Most national parks exist to protect forests, flora, and fauna. Jaramillo National Park is different. It exists to protect a fossilized – or petrified – forest, one that existed 175–170 million years ago. But now it is a desert – and a true Jurassic Park.
The Petrified Forest is famous worldwide for its paleontological value. Once lush, humid, and brimming with life, the site is now located in the middle of a flat, dry desert – the Patagonian Steppe.
This park is one of the most important fossil findings in Argentina. And it is one of the most significant and famous petrified forests in the world because of the high quality of its fossils and its immensity.
Jaramillo National Park has some of the oldest petrified wood in the world and some of the most remarkable fossil specimens. There are more than 200 petrified trees, including the largest in the world, which reaches 3 meters in diameter and 55 meters in length, as well as animal fossils and Paleolithic artifacts.
The Petrification process
The tree rings of the petrified wood tell us that when the petrification process began the forest was already 1000 years old. At that point, there was a sudden massive volcanic eruption that covered the forest in ash. It didn’t incinerate the trees, but preserved their shape and accelerated the petrification process.
Buried with no exposure to oxygen or light, the trees were in the ideal conditions for petrification. Over time, with water washing over it periodically, the wood was gradually replaced with minerals and the forest was preserved with an extraordinary amount of detail. Later, the movement of tectonic plates gradually pushed the buried petrified wood and fossils to the surface.
At the time of the volcanic eruption, these conifer trees were bearing cones at the point of maturity, and so these were magnificently preserved with their seeds intact. This is very exciting for geologists.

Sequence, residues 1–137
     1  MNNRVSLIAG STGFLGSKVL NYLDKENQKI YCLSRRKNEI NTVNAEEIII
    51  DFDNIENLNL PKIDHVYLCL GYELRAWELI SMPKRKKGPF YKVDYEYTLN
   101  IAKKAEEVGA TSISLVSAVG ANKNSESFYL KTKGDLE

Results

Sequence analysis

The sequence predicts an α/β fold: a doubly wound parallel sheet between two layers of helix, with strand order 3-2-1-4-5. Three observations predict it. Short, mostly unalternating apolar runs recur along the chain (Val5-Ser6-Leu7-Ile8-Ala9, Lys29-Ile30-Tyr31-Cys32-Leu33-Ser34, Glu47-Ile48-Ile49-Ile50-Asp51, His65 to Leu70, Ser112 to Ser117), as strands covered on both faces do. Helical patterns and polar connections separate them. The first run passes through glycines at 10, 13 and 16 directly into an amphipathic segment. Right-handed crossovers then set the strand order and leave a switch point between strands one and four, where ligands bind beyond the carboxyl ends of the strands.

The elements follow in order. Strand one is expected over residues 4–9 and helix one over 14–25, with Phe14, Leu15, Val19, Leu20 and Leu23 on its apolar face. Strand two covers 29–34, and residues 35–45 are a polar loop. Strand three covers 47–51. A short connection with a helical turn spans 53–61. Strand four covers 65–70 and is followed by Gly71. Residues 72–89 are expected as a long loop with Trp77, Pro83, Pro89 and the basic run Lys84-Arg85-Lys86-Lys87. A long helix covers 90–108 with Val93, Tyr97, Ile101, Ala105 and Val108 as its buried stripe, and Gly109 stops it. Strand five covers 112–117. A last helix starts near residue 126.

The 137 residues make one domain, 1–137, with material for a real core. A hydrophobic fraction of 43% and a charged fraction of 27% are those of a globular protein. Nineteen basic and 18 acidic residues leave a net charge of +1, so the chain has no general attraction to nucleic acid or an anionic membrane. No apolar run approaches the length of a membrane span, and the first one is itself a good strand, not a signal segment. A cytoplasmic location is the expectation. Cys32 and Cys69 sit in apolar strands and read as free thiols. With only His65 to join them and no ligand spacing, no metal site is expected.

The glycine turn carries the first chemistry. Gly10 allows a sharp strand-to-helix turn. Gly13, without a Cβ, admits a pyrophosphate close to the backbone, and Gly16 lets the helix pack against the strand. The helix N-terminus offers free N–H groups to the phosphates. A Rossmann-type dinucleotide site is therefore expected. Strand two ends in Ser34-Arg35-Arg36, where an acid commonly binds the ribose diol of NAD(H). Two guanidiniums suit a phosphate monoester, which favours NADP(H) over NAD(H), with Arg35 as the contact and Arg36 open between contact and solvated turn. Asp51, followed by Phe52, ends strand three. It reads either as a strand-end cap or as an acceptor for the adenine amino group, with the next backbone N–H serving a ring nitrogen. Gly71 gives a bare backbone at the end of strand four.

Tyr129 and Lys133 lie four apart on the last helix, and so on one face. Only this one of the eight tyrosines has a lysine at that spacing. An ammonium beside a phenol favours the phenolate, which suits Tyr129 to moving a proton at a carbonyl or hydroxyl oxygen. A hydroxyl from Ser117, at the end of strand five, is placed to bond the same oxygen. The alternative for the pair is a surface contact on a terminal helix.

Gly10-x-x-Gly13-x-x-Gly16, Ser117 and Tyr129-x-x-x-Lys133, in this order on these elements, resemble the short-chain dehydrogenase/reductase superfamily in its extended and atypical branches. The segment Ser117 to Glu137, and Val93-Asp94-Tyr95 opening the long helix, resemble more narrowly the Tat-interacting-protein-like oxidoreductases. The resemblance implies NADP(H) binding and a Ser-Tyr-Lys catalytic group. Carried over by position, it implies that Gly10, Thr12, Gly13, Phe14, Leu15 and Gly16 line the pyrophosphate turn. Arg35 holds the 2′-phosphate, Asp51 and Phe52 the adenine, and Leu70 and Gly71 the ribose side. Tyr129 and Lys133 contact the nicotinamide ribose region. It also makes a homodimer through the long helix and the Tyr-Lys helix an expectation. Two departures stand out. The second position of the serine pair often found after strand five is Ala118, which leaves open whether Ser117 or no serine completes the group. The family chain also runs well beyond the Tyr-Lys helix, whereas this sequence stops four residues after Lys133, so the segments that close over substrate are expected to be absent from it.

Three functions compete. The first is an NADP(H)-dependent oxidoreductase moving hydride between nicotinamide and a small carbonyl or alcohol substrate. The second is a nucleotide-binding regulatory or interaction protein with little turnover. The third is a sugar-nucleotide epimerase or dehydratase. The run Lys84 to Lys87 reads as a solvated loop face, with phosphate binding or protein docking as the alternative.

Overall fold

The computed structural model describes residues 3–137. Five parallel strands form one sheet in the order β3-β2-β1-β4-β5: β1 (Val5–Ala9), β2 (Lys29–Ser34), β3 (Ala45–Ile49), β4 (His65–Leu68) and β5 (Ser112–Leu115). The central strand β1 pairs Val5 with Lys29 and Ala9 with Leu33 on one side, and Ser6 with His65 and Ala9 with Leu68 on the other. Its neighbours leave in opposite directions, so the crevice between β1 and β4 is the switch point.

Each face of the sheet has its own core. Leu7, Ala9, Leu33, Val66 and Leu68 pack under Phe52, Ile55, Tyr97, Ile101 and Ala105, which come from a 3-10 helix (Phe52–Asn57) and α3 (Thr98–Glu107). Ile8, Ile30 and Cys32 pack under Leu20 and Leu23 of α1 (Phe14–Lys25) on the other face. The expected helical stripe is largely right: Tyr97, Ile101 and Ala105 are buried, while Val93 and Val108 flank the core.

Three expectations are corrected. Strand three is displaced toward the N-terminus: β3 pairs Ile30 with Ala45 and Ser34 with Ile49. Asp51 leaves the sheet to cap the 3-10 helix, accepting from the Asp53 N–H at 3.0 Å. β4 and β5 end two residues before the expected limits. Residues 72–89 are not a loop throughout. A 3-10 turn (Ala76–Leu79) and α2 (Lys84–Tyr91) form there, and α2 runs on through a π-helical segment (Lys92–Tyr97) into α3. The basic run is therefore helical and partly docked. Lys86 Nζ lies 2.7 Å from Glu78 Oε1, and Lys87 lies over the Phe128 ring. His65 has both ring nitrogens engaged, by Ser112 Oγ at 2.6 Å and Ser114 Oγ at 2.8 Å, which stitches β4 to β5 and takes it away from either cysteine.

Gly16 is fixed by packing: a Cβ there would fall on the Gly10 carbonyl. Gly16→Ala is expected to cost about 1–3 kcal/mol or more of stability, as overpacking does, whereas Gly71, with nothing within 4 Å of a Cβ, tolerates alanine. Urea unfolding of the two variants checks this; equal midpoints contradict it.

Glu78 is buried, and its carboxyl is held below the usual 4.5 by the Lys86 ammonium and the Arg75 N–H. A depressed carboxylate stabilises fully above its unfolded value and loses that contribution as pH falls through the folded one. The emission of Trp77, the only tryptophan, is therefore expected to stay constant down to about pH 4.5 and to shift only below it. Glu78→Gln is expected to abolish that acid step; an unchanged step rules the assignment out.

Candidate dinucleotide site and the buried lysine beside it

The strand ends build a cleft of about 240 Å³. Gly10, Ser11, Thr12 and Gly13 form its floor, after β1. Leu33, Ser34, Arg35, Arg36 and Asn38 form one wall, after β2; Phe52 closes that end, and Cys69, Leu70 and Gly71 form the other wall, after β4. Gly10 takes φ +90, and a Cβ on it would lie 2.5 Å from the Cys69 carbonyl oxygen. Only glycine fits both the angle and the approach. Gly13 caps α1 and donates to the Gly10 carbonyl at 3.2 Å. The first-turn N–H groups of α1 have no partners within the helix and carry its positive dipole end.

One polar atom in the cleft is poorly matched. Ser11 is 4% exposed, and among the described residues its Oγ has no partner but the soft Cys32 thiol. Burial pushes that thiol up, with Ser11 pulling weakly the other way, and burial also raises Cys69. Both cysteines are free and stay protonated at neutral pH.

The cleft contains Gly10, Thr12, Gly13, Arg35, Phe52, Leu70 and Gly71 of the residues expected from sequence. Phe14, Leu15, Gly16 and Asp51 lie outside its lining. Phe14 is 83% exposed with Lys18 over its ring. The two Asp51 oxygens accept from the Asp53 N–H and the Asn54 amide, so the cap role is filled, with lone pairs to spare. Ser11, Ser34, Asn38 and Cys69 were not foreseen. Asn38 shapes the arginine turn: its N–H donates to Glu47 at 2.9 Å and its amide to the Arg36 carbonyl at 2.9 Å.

The petrified trees have been preserved in both standing positions and tipped over. Curiously, the tipped over ones all face the same direction due to the path of strong winds from the mountains.
The remains of animal fossils millions of years old have also been found here – small rodents, frogs, prehistoric toads, even marine life.
What to see nearby
Cerro Madre e hija, (Mother and Daughter mountain) was once a volcano. Now, its columns of lava are perfectly preserved. The peaks are eroded, but the lava conduit is maintained with a section with perfect hexagons.
Practical tips for visiting
- The park is located in the Patagonian Steppe, so it is arid, cold and windy. It is free to visit and open all year, but spring and summer are the best times to go, so from October to November, though it can be windy all year.
- You won’t come across throngs of tourists at any time. It’s a fascinating place to enjoy in virtual solitude.
- There are audio guides available in the province of Santa Cruz that explain the different parts of the park as you pass through them, which is very helpful.
Planning your trip
Because the Petrified Forest exists in stark isolation, you should plan your trip carefully.
- Go during the day.
- Take a map for safety, food, water and fuel.
- The nearest gas station is 140 kms away in Fitz Roy.
- The nearest town heading north, Puerto Deseado, is 290 kms away and heading south, Puerto San Julián is a mere 230 kms away.
From Ruta 3, take Provincial 49 and drive the 50 km unpaved road. There you reach the museum which explains the petrification process.
Nearby destinations to visit (relatively speaking)
- Combine with a trip to Puerto Deseado located on the Atlantic coast, featuring natural reserves and Penguin Island, one of the many places in Argentina and Chile for penguin watching.
- Puerto San Julián, from where you can take a boat trip to watch beautiful black and white skunk dolphins and seabird colonies) and visit the amazing cave paintings in Estancia La María.